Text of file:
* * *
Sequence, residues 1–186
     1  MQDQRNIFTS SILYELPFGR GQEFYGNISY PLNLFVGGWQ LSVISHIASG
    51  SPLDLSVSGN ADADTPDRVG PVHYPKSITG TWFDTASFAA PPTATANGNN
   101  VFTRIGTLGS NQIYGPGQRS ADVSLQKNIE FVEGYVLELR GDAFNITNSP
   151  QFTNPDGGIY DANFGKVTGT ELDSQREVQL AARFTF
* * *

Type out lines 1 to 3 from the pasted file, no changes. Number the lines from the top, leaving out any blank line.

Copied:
Sequence, residues 1–186
     1  MQDQRNIFTS SILYELPFGR GQEFYGNISY PLNLFVGGWQ LSVISHIASG
    51  SPLDLSVSGN ADADTPDRVG PVHYPKSITG TWFDTASFAA PPTATANGNN